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The Tomato Magazine
is mailed six times each year to every known tomato and pepper grower, packer, shipper and researcher in the United States, Canada and Mexico.

The Tomato Magazine focuses on the fresh market industry, where California and Florida tomato growers dominate. Of the 127,870 acres of fresh tomatoes harvested in the U.S. in 2001, 83,900, or 66 percent, were grown in the two states. Other major production states include Ohio, Pennsylvania, Virginia, New Jersey, South Carolina, Tennessee, New York, Georgia, Michigan, Maryland and Indiana.

Processed tomatoes today account for nearly 69 percent of all tomato acreage planted in the U.S. (279,830 versus 127,870 acres for fresh), total fresh market tomatoes dominate in value. In 2001, the value of fresh market field-grown tomatoes was $1,116,982,000 while processing was $547,624,000, making the total U.S. field-grown tomato crop valued at nearly $1.7 billion. Fresh market tomatoes have always had a higher per unit value than processing tomatoes.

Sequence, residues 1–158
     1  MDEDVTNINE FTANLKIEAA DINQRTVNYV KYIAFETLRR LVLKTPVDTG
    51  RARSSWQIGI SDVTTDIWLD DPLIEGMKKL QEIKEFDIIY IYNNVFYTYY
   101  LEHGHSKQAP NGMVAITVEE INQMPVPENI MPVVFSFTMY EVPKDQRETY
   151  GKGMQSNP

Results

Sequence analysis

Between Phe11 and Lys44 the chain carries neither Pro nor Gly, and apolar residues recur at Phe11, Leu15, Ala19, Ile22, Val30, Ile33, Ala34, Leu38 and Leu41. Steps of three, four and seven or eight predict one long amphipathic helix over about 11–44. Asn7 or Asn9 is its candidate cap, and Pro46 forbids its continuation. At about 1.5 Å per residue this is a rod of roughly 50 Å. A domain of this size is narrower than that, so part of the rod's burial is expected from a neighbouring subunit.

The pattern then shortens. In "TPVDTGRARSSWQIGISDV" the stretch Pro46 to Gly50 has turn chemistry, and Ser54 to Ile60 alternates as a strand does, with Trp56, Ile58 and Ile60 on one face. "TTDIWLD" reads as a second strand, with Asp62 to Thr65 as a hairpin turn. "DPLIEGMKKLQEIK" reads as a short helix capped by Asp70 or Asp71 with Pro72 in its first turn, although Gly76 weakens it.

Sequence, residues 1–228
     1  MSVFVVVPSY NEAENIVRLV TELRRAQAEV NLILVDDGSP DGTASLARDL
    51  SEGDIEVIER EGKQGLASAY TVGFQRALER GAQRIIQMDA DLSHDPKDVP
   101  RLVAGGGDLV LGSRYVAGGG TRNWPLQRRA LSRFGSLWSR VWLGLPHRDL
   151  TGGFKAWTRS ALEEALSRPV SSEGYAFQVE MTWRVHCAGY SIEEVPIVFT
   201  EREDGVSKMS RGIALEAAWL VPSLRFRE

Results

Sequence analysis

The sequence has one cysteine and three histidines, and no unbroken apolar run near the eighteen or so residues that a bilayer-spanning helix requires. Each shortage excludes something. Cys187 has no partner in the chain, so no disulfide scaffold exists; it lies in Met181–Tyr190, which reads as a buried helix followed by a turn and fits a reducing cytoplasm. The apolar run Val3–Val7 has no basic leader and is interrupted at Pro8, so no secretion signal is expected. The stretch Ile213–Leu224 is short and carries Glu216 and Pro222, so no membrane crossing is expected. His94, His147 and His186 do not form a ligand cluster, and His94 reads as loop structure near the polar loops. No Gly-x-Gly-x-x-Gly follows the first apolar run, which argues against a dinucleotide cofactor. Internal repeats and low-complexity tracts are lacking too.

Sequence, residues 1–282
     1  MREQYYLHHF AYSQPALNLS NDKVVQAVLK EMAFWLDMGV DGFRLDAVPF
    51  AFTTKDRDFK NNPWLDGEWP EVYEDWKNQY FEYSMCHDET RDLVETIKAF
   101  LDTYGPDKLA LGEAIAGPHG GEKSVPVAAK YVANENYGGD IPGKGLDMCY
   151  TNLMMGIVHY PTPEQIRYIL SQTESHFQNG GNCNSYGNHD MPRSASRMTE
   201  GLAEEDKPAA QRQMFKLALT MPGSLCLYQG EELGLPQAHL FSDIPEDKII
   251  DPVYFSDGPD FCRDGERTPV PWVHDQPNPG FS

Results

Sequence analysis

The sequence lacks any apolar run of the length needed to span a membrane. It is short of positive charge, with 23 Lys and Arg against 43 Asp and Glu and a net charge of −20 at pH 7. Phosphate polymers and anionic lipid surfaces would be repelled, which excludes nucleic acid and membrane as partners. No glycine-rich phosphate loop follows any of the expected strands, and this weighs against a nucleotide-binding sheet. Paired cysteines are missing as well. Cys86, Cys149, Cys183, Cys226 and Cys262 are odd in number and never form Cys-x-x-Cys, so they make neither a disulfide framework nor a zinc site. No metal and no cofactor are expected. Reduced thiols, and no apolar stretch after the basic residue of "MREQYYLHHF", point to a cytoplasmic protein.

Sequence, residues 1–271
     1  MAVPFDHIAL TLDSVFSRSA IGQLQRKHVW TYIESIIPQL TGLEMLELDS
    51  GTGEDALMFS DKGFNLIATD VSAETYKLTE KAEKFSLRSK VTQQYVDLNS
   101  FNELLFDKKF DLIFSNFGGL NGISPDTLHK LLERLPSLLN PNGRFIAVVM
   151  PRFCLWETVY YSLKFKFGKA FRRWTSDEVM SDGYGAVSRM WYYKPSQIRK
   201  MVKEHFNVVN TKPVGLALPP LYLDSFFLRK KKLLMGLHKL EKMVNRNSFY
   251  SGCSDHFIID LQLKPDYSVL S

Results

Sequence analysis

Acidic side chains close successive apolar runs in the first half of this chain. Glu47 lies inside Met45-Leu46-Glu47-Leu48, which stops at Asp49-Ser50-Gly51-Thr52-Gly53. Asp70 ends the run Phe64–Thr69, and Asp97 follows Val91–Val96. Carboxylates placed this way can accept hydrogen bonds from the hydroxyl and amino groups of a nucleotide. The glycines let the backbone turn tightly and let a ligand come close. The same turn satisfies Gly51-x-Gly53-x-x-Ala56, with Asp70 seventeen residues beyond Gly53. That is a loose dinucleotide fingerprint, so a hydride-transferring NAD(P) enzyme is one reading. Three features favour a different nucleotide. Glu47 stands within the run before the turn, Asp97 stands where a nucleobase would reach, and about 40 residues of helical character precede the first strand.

Editorial material ranges from best management practices for insect, disease and weed control to new and improved varieties coming on the market. Experts from the California and Florida Tomato Commissions also keep readers up-to-date on the latest developments in fresh market tomato trade.

Since a heavy percentage of tomato producers also grow peppers, editorial content has been expanded to include pepper production information. The major focus will remain on fresh tomato production. There are a wide range of peppers grown in the U.S. today, although bell peppers clearly dominate in terms of acreage. Over the past few years, U.S. peppers growers have been planting just under 60,000 acres. They come in a range of colors, the most common green, red, yellow and orange.


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